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P2.T9.20.1. Factor theory: What is a Factor?

Nicole Seaman

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Learning objectives: Provide examples of factors that impact asset prices and explain the theory of factor risk premiums. Describe the capital asset pricing model (CAPM) including its assumptions and explain how factor risk is addressed in the CAPM. Explain implications of using the CAPM to value assets, including equilibrium and optimal holdings, exposure to factor risk, its treatment of diversification benefits and shortcomings of the CAPM.

Questions:

20.1.1. Janice is preparing to conduct factor regressions in order to discover the factor loadings in her firm's equity portfolio. She will begin by regressing three explanatory (aka, independent) variables: the market factor (MKT) plus two additional factors. Each of the following pairs of factors are good candidates for these additional factors EXCEPT which of the following pair is NOT a good candidate?

a. Quality and momentum (style factors)
b. Strategy and reputation (style factors)
c. Economic growth and inflation (macro factors)
d. Real interest rates and liquidity (macro factors)


20.1.2. Andrew Ang says that "the factor risk premium has an economic story."(†) Which of the following is the BEST summary of the factor risk premium?

a. The factor risk premium is compensation for suffering losses during a specific set of bad times
b. The factor risk premium is a reward for selecting a set of equities that outperforms over a given period
c. The factor risk premium is an orthogonal linear combination of variables that maximizes the total variance
d. The factor risk premium is the excess return due to the selection of a set of style factors within a single asset class; aka, smart beta


20.1.3. A study group of FRM candidates is reviewing the material on factor theory. They begin with a recap of the capital asset pricing model (CAPM) because Andrew Ang writes that "We [can] describe the theory of factor risk by starting with the most basic factor risk premium theory—the CAPM, which specifies just one factor: the market portfolio."(†) While Ang says that CAPM is a failure, he also says "the basic intuition of the CAPM still holds true"(†) and that CAPM gets several things right. In this way, Ang says that CAPM continues to teach valuable lessons.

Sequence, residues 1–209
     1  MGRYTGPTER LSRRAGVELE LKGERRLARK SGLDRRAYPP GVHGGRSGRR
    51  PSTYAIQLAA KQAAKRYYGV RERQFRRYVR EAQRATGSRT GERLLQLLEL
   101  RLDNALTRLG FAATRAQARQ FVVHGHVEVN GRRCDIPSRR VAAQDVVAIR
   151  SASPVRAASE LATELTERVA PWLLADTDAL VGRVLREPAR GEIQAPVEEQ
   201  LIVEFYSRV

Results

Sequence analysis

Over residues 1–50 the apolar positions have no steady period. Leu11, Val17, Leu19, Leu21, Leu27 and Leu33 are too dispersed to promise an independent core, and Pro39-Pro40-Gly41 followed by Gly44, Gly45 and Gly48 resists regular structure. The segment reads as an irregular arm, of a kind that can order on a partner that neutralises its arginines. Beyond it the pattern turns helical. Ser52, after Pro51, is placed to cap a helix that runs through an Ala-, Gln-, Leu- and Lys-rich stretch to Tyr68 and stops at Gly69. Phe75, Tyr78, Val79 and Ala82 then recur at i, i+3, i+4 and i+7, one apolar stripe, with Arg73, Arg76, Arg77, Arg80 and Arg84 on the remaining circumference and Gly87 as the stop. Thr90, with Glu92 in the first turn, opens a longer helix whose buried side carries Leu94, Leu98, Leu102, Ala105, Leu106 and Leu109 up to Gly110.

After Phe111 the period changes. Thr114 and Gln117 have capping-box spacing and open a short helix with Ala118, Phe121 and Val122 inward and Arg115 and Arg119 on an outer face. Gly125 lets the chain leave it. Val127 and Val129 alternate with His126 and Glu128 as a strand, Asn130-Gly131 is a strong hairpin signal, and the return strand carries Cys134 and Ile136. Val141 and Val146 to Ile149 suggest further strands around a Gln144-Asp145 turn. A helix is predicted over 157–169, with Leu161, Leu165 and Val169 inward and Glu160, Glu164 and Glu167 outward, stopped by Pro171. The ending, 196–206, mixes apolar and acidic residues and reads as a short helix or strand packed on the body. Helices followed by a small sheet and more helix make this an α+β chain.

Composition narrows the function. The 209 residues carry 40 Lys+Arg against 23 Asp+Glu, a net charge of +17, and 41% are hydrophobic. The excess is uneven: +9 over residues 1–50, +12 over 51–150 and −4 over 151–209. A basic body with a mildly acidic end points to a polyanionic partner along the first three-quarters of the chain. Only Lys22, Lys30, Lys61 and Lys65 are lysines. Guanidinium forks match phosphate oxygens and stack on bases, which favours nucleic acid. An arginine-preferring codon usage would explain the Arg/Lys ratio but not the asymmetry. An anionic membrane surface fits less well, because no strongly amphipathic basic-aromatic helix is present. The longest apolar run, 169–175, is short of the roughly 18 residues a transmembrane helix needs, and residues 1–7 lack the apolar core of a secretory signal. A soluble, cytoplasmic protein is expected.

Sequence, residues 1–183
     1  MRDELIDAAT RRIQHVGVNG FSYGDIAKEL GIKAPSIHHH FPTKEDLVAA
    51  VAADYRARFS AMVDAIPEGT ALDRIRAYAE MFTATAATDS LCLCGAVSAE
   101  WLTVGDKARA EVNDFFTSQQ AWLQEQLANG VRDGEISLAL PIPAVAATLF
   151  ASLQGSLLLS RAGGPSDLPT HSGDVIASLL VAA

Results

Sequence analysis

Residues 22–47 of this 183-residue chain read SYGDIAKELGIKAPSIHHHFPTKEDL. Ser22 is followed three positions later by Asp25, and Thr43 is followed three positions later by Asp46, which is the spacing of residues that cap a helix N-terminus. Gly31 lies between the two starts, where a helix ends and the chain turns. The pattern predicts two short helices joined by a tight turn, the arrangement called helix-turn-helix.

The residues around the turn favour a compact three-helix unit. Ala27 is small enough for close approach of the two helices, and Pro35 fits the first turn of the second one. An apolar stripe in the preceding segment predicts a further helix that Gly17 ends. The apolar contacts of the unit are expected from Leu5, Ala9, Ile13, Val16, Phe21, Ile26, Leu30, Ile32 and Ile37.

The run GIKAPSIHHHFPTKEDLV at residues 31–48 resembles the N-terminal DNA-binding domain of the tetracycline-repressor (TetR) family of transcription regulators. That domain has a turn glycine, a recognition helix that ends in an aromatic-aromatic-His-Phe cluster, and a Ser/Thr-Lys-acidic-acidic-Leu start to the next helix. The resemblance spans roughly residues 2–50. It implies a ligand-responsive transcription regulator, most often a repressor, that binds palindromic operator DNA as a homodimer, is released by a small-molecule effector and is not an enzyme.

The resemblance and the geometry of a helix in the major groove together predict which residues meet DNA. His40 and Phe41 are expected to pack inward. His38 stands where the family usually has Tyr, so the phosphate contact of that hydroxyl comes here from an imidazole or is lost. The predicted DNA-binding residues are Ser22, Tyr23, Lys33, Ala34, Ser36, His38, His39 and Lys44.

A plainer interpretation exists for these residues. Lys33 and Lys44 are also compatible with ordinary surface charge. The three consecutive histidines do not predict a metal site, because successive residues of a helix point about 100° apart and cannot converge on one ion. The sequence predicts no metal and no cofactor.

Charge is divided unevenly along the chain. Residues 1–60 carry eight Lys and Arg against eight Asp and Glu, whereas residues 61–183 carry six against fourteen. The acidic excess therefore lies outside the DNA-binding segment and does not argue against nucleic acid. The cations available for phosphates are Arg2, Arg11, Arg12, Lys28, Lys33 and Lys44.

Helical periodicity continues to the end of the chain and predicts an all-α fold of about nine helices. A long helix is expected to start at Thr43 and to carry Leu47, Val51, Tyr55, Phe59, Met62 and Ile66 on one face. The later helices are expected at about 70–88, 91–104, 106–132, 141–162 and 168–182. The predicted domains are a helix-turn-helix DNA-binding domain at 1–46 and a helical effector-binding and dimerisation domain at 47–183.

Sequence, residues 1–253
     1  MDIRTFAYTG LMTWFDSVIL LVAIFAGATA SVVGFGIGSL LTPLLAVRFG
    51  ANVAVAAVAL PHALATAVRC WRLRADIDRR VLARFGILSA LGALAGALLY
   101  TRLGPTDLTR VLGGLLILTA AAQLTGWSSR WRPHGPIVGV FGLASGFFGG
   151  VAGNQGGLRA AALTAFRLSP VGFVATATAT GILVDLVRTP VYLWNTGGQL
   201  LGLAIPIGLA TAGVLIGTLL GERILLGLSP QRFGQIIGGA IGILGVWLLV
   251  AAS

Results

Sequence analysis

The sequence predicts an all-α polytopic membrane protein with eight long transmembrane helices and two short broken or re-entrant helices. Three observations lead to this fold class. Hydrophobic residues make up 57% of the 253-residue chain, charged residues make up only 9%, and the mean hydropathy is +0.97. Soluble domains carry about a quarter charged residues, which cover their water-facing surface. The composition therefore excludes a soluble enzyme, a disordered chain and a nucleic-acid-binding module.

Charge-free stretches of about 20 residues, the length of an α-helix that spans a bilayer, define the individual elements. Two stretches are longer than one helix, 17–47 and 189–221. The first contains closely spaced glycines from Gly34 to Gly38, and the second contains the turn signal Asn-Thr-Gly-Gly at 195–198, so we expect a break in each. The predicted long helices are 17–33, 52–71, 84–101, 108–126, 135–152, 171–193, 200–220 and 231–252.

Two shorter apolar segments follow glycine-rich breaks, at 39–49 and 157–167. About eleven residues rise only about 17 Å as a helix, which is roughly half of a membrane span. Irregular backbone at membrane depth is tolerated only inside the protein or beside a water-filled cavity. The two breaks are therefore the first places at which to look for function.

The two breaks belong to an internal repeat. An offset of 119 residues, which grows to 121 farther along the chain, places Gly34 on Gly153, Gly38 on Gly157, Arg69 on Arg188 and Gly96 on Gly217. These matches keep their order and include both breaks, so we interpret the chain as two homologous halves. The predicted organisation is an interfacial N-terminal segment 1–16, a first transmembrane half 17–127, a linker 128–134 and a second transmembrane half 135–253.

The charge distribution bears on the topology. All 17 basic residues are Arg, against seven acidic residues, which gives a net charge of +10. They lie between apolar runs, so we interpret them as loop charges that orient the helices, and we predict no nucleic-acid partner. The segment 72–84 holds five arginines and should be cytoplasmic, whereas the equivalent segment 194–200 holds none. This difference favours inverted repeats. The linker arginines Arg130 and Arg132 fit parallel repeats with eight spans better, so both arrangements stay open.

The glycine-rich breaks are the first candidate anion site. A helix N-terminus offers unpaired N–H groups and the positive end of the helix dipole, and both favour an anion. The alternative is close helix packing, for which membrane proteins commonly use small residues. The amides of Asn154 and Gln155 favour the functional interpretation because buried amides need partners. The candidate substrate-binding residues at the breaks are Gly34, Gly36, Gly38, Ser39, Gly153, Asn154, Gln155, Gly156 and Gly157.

Each member of the group speaks about which lesson is most interesting to them. Individually, they make the following statements:

I. Allison says that traditional portfolio asset allocation (and rebalancing) into asset class labels such as hedge funds (or alternatives) is not optimal portfolio construction​
II. Betty says that each investor has their own optimal exposure to each factor risk, which is analogous to CAPM's view that each investor's level of exposure to the market portfolio is different​
III. Chris says that equilibrium ensures each factor's risk premium cannot be arbitraged away and will persist at least until the economy changes​
IV. Donald says that portfolio risk should be measured by its factor betas (aka, exposures)​
V. Eric says that high-beta assets, which in factor theory are those assets whose returns have a higher covariance with the bad times index, cov(R_i, m), have lower risk premiums and lower expected returns​

Which of the statements is (are) TRUE?

a. All five statements are true
b. Allison and Betty are incorrect, but the other statements are true
c. Donald and Eric are incorrect, but the other statements are true
d. None of the statements are true; i.e., all of the statements are inaccurate

(†) Retrieved from Andrew Ang, Asset Management: A Systematic Approach to Factor Investing (New York: Oxford University Press, 2014). All practice questions are written by David Harper.

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